Each special foe did find a place;
Need we say more ?-just look at us,
And you will understand the case.

You might stand there from morn till eve,
And tell us what we shouldn't do;
A looking-glass, a running stream,
Could tell us that as well as you








A DINNER IN THE WOODS.


We are here in the woods, as you can see,
With turkey well roasted and Oolong tea.
Did ever rabbits enjoy such a treat?
And as a carver can Reynard be beat?


The bunnies and owl are as quiet as mice,
And the turtle, as hostess, is really quite nice.
But, alas! alas some farmer, we know,
Is weeping the loss of this turkey we show.


~?jl-L _







with wings .
and with
claws, which ,
carried the Brownies, to
see Esquimaux.





is YUCATAN,
a wonderful town,
Where, strange
to relate, all
the Brownies .
are brown.


Sis for ZANY, who ends my long rhyme
About little Brownies, who had such
a good time. a






























\-__






o i
UA-LL
__ L


- U _


~1~1


"T~P~S~S _C~~CII















CAUGHT BY A WHALE.


OD people in a country fair
Were harassed by a giant there;
He measured yards from side
to side,
And he was bad. as he was wide.
i Full twenty feet his height in all,
And he was mean as he was, tall;
He did not care a pinch of snuff,
Who starved to death, had he enough.
Where'er he went, the marks would be
Of his outrageous gluttony;
The skeletons of fish and beasts,
Remains of his stupendous feasts.
The farmers' corn was stacked with care,
The giant came, the field was bare;
They could not tell that any day
SHe would not come and bear away,







The fishermen would spread their net,
Then he rush in-not minding wet-


And striding off, with mighty limb,
Would take their precious catch with him.

'Twould take all night, were none omitted,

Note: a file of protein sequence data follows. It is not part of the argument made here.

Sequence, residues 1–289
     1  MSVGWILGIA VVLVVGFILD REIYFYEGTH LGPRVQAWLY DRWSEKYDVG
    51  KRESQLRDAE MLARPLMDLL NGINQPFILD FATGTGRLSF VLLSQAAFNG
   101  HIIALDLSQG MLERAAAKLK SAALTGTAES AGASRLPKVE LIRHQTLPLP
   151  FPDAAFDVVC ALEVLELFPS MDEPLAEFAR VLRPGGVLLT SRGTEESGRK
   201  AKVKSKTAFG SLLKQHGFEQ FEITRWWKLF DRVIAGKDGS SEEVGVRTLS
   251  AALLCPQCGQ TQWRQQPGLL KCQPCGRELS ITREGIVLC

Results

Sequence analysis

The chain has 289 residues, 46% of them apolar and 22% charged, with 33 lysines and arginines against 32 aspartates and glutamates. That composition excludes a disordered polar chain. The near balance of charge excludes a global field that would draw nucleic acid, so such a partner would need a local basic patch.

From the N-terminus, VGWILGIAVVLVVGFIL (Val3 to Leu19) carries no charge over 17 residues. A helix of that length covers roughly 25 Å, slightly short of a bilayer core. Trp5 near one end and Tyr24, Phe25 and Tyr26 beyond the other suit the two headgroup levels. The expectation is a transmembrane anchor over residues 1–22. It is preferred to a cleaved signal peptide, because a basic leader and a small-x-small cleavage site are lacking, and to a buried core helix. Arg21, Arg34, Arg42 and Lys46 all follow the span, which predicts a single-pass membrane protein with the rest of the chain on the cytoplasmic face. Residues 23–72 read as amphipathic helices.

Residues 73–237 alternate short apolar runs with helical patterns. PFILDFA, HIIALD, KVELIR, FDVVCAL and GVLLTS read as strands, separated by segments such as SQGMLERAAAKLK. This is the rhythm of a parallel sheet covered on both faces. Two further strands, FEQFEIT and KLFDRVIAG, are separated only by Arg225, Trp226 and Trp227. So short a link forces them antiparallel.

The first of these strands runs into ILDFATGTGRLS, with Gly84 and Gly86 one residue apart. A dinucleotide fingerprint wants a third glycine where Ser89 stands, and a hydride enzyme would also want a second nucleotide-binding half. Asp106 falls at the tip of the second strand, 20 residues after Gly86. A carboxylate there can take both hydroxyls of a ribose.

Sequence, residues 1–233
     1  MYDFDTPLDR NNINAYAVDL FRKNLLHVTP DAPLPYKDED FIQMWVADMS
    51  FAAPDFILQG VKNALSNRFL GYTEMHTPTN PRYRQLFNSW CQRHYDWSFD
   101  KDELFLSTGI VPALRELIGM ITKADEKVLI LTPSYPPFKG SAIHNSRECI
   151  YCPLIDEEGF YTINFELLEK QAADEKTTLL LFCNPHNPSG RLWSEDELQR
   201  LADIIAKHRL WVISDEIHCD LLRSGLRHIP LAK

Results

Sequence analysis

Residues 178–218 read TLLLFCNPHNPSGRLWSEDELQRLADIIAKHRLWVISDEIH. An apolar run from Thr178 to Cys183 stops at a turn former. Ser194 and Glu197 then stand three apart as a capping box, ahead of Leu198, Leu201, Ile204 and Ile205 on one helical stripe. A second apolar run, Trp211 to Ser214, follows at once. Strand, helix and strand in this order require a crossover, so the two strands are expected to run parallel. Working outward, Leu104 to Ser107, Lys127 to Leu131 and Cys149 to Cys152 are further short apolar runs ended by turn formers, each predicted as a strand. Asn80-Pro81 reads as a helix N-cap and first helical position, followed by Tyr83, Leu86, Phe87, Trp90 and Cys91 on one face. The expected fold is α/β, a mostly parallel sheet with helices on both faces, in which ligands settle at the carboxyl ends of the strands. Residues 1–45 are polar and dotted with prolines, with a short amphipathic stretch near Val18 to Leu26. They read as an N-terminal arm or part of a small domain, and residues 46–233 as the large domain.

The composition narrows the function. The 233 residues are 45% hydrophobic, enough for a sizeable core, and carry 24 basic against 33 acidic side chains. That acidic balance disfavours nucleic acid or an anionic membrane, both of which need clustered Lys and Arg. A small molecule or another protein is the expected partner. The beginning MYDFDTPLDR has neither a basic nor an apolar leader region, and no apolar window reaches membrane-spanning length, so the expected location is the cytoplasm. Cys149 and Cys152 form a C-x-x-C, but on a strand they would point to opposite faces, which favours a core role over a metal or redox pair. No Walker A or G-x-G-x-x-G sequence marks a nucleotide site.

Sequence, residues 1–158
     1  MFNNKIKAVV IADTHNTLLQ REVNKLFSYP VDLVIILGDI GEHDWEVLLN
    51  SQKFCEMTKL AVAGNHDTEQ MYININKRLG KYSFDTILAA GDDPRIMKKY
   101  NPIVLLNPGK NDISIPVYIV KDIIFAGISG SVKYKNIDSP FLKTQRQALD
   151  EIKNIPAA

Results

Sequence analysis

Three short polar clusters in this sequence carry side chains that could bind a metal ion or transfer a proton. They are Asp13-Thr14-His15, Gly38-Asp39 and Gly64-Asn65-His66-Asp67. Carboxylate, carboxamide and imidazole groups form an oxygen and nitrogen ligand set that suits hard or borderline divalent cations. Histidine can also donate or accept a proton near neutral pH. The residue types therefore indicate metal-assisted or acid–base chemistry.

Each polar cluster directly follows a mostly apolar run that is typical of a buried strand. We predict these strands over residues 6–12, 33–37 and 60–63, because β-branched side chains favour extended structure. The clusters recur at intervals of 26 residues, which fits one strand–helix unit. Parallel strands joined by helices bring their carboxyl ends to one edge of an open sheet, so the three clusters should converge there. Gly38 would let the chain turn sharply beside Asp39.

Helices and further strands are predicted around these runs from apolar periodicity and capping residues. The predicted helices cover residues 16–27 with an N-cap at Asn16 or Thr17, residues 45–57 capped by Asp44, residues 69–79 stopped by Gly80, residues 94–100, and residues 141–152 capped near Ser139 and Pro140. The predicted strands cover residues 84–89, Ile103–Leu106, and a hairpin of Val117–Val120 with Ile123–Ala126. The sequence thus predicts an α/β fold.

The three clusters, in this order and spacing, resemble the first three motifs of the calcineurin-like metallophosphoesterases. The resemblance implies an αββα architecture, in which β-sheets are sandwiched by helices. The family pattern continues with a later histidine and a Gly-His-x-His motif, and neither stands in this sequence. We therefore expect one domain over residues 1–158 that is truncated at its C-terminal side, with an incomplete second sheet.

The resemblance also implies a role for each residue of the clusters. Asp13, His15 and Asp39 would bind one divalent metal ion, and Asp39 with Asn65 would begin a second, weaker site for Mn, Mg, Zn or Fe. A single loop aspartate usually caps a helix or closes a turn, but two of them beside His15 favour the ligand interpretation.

To tell the crimes that he committed.










From out the herd, the ox most fine,
On that and other things to dine;


'I,


: ;, ?


a4EIK


For this gigantic, heartless thief,
Had special liking for good beef.


~ 1-
rh" )
P
~L~F-~L I I
-ri.


*.


P/k ~--- ~i-








A shame it was, upon my soul,
He never worked, he only stole.

The only thing that was not vile
He ever did, was fish awhile.
He had his tackle quite complete,
And on a rock would take a seat.

And, though elsewhere impatient quite,
Quite patiently would wait a bite.
The fish that bit, he caught them all,
None were too large, and none too small.
"In fact," cried he, "within the sea
There is no fish can conquer me."
That sounded well, but there were yet
SFish in the sea he had not met.

While catching fish, he never thought
That by a fish he might be caught.
One day he felt a terrible tug,
And gave himself a quiet hug.

"Unless my sense of feeling lies,
This fish is one of monstrous size;
To get him safe on land will be
The greatest sport has come to me."

Upon his line there was a whale,
This time his judgment did not fail
Judgment regarding size, I mean,
But not regarding sport, I ween.







That bite, in spite of stalwart limb,
Proved anything but sport. for.him.


Another tug-"Ha, ha!" laughed he;
"" "He wants to pull me in the sea."